My own beliefs have shifted so dramatically and continue to shift — I would say probably weekly — being in community with diverse people because I’ve had to take a posture of listening and learning from other people, being challenged on things that I’ve helped to be core beliefs or core ideas, and be willing to let them go and shift based on experiences of other people that I would have never otherwise heard or learned about in my own kind of silo of monocultural churches. Inclusion has helped me become a more well-rounded and truly intersectional person in the way that I think, which just has proven to be a gift and allows me to minister in a more effective and humble way to people that do things differently or believe differently or have a different way of thinking about religion and church and all of those good things.

Jessica Anschutz: Share a little bit with our listeners what it means for you to think in an intersectional way.

Brandan Robertson: Intersectionality is a concept most people have probably at least heard of, and it’s a big concept in our conversation in this moment. It simply refers to the reality that each one of us has multiple identities. And therefore, when we talk about how we show up in the world and how we relate to our society or to the church there are different levels and ways that each of us are relating to different aspects of the society.

I’m a white, cisgendered gay man. I have a lot of privilege being white, man, and cisgender, and I don’t experience a lot of the microaggressions and the oppression that transpeople or nonbinary people or women or nonwhite people experience. It’s hard for me to relate to that on a personal level. But as a gay man I do experience some forms of oppression and microaggressions that cisgender and straight people would never have an experience of on a personal level. That reality causes me to, again, relate differently when I’m talking to a person of color who’s gay or a nonbinary person who’s white. It shapes the way that I’m going to think about, especially when we’re talking to people about inclusion, their experience in the church, in the world.

To think intersectionally simply means you’re always willing to analyze the circumstances that you’re in or the people that you’re with and understand the multiple identities that are at play and allow that to change the way you relate to them. I have to understand all the cultural backgrounds and the ways that privilege and power have worked in this community and changed the way I’m going to relate to this group of people. It’s just, again, in the apostle Paul’s words, it’s learning to be all things to all people. It’s learning to relate to people where they’re at and understand the ways that my own identities can make other people uncomfortable or have a history of oppressing other people and therefore should temper the way that I engage and probably calls me to listen more than I teach in those environments.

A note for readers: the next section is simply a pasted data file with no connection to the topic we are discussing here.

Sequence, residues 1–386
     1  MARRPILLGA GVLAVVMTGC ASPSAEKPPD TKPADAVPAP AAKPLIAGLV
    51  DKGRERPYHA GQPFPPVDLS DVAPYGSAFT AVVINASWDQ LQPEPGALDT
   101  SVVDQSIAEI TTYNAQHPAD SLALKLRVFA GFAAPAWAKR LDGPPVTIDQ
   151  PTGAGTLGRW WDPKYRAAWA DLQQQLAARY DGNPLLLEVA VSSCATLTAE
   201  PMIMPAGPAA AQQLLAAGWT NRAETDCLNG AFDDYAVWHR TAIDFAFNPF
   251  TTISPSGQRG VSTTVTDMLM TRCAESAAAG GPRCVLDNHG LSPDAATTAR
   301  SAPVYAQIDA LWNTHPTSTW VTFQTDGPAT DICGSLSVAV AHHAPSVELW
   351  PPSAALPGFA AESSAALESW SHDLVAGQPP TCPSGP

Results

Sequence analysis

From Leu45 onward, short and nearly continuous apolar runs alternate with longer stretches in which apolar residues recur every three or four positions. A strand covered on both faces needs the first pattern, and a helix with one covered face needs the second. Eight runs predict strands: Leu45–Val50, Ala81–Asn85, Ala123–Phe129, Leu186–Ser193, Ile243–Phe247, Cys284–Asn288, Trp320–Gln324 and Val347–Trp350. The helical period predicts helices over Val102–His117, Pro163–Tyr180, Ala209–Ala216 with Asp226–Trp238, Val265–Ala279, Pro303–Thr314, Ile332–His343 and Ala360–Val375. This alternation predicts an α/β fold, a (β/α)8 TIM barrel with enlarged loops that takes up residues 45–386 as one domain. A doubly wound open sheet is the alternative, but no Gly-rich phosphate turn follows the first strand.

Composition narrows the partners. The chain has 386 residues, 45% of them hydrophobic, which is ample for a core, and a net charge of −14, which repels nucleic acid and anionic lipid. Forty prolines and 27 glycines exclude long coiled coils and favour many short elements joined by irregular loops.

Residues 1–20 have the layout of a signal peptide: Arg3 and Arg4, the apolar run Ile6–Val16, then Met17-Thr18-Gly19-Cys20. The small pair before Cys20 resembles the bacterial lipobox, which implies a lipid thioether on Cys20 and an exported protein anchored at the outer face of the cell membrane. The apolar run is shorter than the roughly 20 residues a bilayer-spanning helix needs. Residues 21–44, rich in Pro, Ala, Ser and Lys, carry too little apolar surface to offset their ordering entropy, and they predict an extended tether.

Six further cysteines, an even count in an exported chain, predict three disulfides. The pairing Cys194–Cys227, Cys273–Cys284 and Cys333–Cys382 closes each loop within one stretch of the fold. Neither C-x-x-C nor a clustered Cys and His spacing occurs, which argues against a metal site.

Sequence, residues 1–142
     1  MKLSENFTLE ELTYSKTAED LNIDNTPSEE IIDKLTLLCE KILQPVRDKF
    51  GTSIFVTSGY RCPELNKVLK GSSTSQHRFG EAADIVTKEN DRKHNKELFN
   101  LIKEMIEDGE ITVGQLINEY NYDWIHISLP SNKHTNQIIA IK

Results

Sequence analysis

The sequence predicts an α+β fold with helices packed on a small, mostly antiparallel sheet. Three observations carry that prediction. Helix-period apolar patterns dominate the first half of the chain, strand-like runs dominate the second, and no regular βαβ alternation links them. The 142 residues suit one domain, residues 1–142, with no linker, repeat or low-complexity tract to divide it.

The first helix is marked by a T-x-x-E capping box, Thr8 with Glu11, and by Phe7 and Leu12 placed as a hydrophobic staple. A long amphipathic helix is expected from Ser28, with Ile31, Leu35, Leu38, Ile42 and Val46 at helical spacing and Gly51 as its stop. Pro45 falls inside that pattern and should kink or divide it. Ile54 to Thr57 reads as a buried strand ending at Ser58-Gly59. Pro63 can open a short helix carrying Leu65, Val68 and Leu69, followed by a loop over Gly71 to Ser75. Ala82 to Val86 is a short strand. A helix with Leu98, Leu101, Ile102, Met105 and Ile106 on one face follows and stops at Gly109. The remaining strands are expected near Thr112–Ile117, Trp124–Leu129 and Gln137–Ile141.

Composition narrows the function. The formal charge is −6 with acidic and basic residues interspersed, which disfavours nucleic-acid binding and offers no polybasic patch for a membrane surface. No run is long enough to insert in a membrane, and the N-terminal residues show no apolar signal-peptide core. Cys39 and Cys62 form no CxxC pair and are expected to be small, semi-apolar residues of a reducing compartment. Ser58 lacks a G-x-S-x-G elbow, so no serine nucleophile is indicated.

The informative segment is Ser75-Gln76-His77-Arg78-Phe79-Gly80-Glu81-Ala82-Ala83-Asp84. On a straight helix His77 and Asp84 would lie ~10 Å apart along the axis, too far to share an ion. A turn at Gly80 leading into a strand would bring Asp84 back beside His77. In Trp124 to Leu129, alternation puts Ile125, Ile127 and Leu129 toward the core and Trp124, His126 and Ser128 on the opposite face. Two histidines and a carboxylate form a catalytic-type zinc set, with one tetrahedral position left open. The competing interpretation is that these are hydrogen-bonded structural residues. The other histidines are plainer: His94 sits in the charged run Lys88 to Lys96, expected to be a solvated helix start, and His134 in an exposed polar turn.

Jessica Anschutz: Absolutely, the importance of listening often we’re too prepared to speak and react rather than hear what’s being shared. As we think about church leaders who may or may not be engaged in intersectional inclusivity, especially those who are thinking about beginning those journeys in their congregations on any number of issues, you lift up in the book that often congregations start in one area and then, as they seek to be inclusive, they move into other areas and recognize that there’s more work to be done. But what words of wisdom do you have for church leaders as they begin to do this important work?

Brandan Robertson: Well, I think you touched on something there that I’ll comment on really quickly. I think the only wrong way to do inclusive ministry is to take the one-thing-at-a-time approach because that negates the intersectional experience, right? In the book, I talk about a lot of churches that will say “We’re going to do racial justice. We’re a racial justice church. Or we are all about LGBT inclusion and that’s what we do.” And it’s like, great, so you’re for LGBT inclusion, but what about black LGBT people? Are they going to feel welcome in your church because you’re not considering the way your church has participated in racial injustice? What about people with disabilities and different abilities? Have you considered them? Just because you’re a racial justice church that doesn’t mean that a person of color who has a disability is going to be welcomed into your church.